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Archive for January 8th, 2009

It Should Be Called “TiredParentTV”

Thursday, January 8th, 2009
By Glinda


We only recently started getting satellite television (welcome to the 21st Century, Glinda!) and one night I was clicking through and noticed the abbreviation “BABY” and the program title was something like “For Infants” or something of the such. But the problem was, it was midnight.

According to BabyTV’s official website, their purpose is thusly stated:

BabyTV was conceived following a sleepless night spent rewinding a baby video at the demand of an unrelenting toddler. Our creators imagined a service which offered easy access to programming specifically designed for babies around the clock.

But let’s just cut to the chase here. BabyTV is not really for babies at all. It’s for parents.

When the Munchkin was an infant, the Baby Einstein DVD’s were the hottest things around. If you didn’t own the whole set, you were a mother that didn’t care about your child’s exposure to classical music. And, uh, little puppets. Which in retrospect, would probably have been a good thing, because there is truly nothing educationally redeeming about them.

But when I needed to use the bathroom, take a shower, or conduct a phone conference when I was still working part time, in went Baby Einstein. And for those few minutes a day, the DVD’s were a godsend. So I understand the impulse to turn on the TV so that your infant is occupied while you need to perform important tasks. But notice I said important, which wouldn’t include folding the laundry or dusting, at least in my book. Well, to be honest, even now that he is growing up, I still don’t consider laundry or dusting as priorities. But I preferred spending every moment that I could being involved with him.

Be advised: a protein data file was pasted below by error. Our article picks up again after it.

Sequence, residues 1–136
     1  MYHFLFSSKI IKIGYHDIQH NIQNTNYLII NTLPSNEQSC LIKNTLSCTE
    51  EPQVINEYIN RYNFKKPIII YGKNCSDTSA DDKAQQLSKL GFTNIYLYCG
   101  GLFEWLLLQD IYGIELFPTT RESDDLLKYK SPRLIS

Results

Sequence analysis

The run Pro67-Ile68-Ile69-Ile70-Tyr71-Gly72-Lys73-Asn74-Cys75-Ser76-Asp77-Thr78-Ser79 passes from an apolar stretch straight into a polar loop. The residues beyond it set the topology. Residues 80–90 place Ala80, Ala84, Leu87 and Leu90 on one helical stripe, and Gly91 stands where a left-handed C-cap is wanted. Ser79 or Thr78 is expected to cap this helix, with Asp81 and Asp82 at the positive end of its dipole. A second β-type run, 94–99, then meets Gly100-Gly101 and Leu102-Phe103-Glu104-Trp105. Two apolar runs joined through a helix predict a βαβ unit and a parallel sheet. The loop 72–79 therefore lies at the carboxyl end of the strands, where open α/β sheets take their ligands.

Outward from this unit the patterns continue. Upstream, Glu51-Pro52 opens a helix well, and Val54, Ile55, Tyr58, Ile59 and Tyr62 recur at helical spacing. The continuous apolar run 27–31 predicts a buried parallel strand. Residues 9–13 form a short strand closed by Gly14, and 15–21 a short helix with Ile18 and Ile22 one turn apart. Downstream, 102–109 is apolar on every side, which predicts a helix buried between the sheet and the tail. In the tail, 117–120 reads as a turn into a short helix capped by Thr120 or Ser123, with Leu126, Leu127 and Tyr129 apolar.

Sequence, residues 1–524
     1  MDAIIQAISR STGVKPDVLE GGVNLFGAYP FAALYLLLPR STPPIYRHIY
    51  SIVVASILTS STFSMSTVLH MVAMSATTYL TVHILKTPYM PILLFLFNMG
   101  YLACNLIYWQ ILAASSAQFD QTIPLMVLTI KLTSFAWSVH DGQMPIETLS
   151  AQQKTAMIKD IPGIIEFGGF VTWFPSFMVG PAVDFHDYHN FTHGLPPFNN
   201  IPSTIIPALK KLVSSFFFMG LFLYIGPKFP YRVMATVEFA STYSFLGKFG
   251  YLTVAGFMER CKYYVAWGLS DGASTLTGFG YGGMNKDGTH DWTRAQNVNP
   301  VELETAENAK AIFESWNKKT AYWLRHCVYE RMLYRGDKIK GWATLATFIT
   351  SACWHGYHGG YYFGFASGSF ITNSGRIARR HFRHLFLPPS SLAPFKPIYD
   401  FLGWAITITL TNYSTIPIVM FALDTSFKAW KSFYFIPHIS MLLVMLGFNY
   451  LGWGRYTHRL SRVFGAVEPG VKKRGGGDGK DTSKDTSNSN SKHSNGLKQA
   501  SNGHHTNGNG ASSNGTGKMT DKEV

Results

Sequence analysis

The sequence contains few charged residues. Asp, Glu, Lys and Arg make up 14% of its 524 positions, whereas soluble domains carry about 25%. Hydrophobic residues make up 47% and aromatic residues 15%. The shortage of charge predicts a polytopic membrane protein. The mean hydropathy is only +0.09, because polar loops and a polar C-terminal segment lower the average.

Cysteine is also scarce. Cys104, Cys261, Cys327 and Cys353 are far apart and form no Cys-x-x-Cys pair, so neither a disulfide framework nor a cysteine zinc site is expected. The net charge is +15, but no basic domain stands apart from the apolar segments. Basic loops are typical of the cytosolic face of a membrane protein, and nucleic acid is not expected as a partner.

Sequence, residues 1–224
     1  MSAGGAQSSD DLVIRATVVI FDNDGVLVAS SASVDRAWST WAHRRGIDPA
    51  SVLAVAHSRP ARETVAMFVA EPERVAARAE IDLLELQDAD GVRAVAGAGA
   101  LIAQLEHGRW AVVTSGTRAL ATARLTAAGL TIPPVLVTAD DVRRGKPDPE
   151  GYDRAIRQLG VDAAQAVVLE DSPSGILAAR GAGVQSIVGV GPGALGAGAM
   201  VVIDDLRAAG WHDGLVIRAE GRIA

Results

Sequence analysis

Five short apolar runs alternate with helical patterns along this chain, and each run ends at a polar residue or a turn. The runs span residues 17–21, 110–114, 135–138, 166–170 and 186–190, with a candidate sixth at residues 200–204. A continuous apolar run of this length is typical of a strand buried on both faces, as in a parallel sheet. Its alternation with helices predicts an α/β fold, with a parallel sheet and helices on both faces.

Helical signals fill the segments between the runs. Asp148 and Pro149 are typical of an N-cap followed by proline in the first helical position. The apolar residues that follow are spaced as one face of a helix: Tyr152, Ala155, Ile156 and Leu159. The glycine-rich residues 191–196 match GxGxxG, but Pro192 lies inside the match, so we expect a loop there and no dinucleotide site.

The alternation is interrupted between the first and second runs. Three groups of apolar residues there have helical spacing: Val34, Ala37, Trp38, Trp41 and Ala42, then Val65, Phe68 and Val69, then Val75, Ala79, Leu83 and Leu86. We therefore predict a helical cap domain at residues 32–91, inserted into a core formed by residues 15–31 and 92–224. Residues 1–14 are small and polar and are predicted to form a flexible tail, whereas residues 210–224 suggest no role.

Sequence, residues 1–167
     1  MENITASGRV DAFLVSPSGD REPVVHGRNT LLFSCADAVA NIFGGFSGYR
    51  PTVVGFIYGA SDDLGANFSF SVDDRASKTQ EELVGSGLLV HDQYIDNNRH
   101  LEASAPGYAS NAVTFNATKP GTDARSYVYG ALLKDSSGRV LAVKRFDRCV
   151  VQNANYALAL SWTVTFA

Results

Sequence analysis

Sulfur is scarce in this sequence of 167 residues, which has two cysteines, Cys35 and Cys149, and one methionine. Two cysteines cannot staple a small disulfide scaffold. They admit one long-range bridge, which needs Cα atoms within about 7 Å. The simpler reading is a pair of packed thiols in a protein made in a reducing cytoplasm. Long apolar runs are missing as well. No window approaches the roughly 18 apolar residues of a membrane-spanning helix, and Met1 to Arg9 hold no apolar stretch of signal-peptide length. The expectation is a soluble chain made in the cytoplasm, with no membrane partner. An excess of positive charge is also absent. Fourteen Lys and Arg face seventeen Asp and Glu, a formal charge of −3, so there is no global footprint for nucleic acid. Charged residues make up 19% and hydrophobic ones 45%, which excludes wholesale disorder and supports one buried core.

So let’s just agree that BabyTV is for parents who want to keep their kids entertained while they are doing something else. It’s not for kids, especially since the American Academy of Pediatrics has this recommendation:

Pediatricians should urge parents to avoid television viewing for children under the age of 2 years. Although certain television programs may be promoted to this age group, research on early brain development shows that babies and toddlers have a critical need for direct interactions with parents and other significant care givers (eg, child care providers) for healthy brain growth and the development of appropriate social, emotional, and cognitive skills. Therefore, exposing such young children to television programs should be discouraged.

In my mind, the less TV, the better.

And maybe, just maybe, we should think of a sleepless toddler falling asleep to the television as being a bad thing?

Wedding Planning Made Easy

Thursday, January 8th, 2009
By raincoaster

Well, they say the Germans are a highly efficient people. Not ones to sit on their hands, waiting for the time to pass. Why, just look at the uniquely successful Karl Lagerfeld; oh, Odin knows there is no shortage of strangely androgynous and Satanic Renaissance MeissenMen in Hamburg or Heidelberg, although it must be admitted there are perhaps not as many as there could be in, say, Frankfurt. Something to do with the weather, or the shortage of good S&M clubs.

Where was I?

Ah yes. Germans, I say, don’t mess around when they know what they want. They go out and they get it. And if it takes some doing, they just up and get doing it.

So it was with the now-famous German lovebirds Mika and Anna-Bell, ages six and five, respectively.

Mika and Anna-Bell

From the Guardian:

It is a dream that has been shared by lovers across the centuries – the chance to elope to exotic lands. But few would have been as bold and spontaneous as six-year-old Mika and his five-year-old sweetheart Anna-Bell who, after mulling over their options in secret, packed their suitcases on New Year’s Eve and set off from the German city of Hanover to tie the knot under the heat of the African sun.

The children left their homes at dawn while their unwitting parents were apparently sleeping, and took along Mika’s seven-year-old sister, Anna-Lena, as a witness to the wedding…

Donning sunglasses, swimming armbands and dragging a pink blow-up lilo and suitcases on wheels packed with summer clothes, cuddly toys and a few provisions, they walked a kilometre up the road, boarded a tram to Hanover train station and got as far as the express train that would take them to the airport before a suspicious station guard alerted police…

Mika said: “We wanted to take the train to the airport, then we wanted to get on a plane and when we arrived we wanted to unpack the summer things and then we wanted to go for a bit of a stroll in the sun…”

[Police Spokesman] Jureczko said: “They’ll have the chance to put their plan into action at a later date”.

They took along a witness. Now that, my friends, is German efficiency at its best!

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